In a much-anticipated ruling, the Supreme Court decided that Colorado’s civil-rights commission violated the constitutional rights of Jack Phillips by fining him for declining to bake a cake for a same-sex wedding. Seven justices agreed on this point, but the majority narrowly circumscribed its decision, which turned in part on the manifest anti-Christian bigotry expressed by members of the Colorado commission—thus making clear that the court might hold differently in related cases. Robert P. George explains:
Has the court discovered a constitutional right of business owners and service providers to discriminate on religious grounds against homosexuals or people in same-sex relationships? No. Not a single member of the court drew any such conclusion. Nor did it resolve the bigger question that this case raised: what does the Constitution require when such prohibitions on discrimination conflict with business owners’ religiously informed dictates of conscience?
This much, however, is clear: business owners and others have no obligation under the Constitution, nor can one be imposed by statute, to confine their religion to the private domain. On the contrary, they have the constitutional right to proclaim and to act on their religious beliefs in the public domain, including in the domain of commerce. If you are a Christian (or Jewish, or Muslim, or Hindu) business owner, you may run your business according to your religious principles, subject to legal regulations that are neutral (that is, not rooted in antipathy to your religious beliefs or those of your fellow citizens) and general in their applicability (that is, they apply to everyone equally).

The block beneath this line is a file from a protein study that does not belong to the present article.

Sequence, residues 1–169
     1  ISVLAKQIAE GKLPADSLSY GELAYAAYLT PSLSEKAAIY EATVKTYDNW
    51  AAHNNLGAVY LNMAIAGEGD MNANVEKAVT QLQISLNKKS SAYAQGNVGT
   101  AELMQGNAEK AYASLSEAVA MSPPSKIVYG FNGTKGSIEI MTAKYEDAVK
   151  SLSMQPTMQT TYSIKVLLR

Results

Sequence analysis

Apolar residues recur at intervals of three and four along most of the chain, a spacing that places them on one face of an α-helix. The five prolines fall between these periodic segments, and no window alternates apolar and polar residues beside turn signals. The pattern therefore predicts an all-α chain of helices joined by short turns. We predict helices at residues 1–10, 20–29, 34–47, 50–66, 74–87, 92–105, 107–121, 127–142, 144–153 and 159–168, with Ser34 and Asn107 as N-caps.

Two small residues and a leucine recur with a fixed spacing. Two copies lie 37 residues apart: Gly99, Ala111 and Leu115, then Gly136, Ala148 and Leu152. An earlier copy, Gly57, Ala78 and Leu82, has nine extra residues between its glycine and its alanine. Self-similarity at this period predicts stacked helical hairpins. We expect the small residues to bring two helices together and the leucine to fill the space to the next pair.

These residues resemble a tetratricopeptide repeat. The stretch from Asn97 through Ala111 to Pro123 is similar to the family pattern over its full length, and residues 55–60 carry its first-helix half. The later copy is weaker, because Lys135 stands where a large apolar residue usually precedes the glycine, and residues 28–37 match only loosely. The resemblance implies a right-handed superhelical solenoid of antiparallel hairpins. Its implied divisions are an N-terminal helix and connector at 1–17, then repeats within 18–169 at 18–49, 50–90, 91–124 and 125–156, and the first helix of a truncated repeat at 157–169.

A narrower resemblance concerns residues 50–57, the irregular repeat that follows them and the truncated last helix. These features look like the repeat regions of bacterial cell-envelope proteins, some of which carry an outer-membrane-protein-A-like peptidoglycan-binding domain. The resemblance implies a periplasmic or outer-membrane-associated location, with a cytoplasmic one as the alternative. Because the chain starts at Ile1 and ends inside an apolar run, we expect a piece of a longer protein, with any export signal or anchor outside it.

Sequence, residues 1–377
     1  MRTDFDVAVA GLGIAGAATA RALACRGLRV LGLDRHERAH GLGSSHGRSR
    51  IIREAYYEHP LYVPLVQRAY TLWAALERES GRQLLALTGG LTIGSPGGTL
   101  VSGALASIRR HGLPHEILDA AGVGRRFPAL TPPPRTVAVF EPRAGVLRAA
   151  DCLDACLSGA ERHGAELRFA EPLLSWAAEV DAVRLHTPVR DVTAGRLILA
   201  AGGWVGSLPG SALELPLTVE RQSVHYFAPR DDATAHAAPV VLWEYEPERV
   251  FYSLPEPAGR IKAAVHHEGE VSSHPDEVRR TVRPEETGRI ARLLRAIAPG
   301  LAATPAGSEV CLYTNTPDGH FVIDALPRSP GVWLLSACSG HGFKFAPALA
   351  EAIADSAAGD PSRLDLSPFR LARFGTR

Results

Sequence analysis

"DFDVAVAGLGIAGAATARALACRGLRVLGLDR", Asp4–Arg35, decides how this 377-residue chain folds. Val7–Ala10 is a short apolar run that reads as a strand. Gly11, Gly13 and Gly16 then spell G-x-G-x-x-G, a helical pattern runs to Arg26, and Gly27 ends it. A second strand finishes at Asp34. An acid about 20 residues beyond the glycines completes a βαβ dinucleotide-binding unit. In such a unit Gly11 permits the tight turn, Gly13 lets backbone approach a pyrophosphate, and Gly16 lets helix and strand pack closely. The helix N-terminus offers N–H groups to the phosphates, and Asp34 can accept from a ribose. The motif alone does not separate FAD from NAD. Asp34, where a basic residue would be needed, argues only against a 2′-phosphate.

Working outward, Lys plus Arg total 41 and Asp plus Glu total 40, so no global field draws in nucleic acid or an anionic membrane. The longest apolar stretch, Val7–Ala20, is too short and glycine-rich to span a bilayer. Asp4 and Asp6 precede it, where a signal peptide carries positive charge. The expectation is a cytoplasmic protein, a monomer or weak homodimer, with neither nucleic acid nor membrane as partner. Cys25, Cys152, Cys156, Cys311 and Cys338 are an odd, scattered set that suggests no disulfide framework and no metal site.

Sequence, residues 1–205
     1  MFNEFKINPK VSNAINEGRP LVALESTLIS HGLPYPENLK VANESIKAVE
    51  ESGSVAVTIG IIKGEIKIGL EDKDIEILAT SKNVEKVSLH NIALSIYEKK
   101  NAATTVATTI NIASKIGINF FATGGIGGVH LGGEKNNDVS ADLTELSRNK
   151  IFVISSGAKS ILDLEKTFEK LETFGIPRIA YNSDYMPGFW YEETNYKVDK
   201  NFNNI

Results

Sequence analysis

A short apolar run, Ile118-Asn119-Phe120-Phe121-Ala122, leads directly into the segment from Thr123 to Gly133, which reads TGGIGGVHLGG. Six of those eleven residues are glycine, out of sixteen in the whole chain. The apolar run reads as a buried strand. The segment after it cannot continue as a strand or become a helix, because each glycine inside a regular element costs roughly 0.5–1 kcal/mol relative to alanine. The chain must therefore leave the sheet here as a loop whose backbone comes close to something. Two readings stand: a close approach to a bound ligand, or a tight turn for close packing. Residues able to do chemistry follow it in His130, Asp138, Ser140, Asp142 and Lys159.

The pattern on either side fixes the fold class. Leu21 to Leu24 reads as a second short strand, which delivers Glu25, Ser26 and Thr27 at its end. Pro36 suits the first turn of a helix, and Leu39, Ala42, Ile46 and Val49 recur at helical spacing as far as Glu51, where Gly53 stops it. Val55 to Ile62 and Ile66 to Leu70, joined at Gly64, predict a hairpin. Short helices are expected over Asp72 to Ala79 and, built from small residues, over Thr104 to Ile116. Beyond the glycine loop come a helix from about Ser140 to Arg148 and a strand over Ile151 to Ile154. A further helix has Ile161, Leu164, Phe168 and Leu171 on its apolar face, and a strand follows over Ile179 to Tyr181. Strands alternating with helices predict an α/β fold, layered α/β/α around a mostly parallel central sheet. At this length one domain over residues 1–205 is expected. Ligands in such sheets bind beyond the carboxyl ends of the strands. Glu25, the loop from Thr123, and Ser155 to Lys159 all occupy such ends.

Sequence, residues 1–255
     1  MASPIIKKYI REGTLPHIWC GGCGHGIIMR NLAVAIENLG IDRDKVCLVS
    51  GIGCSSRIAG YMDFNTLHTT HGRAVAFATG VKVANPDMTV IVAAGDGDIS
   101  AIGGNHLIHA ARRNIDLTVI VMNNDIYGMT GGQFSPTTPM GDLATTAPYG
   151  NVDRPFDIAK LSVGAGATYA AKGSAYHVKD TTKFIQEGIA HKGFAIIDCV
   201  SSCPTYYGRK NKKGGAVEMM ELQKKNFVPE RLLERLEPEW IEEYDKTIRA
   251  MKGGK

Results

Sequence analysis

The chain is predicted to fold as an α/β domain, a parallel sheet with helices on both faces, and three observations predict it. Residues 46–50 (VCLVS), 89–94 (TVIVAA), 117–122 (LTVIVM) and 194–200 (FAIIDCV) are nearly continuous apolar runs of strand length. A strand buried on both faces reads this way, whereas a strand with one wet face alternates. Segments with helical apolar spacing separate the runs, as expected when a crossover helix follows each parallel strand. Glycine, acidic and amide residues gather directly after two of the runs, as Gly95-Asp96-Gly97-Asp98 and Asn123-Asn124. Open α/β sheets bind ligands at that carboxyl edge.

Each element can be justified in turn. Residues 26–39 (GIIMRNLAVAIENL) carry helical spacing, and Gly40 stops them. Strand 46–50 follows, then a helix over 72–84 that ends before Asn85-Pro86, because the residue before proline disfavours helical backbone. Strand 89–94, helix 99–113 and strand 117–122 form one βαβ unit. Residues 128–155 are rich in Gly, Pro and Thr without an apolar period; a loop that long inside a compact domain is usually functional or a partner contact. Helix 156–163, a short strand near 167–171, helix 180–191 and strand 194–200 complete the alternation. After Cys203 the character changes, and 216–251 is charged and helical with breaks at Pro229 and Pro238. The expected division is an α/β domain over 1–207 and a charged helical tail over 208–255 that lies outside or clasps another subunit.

But much remains unresolved. . . . Would the fining of Phillips have been acceptable based purely on a judgment that his refusal to cater same-sex celebrations constituted discrimination based on sexual orientation, and not on the basis of antipathy to Phillips’s beliefs? In a concurring opinion, Justice Elena Kagan, joined by Justice Stephen Breyer, seems to suppose so. If she’s right, the message to state officials could be taken to be: “Look, guys, of course, you can punish the Christian baker. But just remember not to state your own moral or religious reasons or reveal your antipathy to the target business owner’s moral or religious reasons on the record.”
Justice Neil Gorsuch, in a concurrence joined by Justice Samuel Alito, challenged the Kagan reading of the ruling, noting that the commission had demonstrated its unconstitutional lack of neutrality not merely by the improvident words of some of its members but, even more decisively, by ruling in other cases in favor of bakers who refused to bake cakes for religious people who requested them specifically as statements of opposition to homosexual conduct or same-sex partnerships. If Phillips were guilty of discrimination based on sexual orientation, then surely these bakers were no less guilty of discrimination based on religion—another type of discrimination expressly forbidden by the Colorado law.
It is only a matter of time, concludes George, before the court will be forced to make a decision on some of these outstanding questions.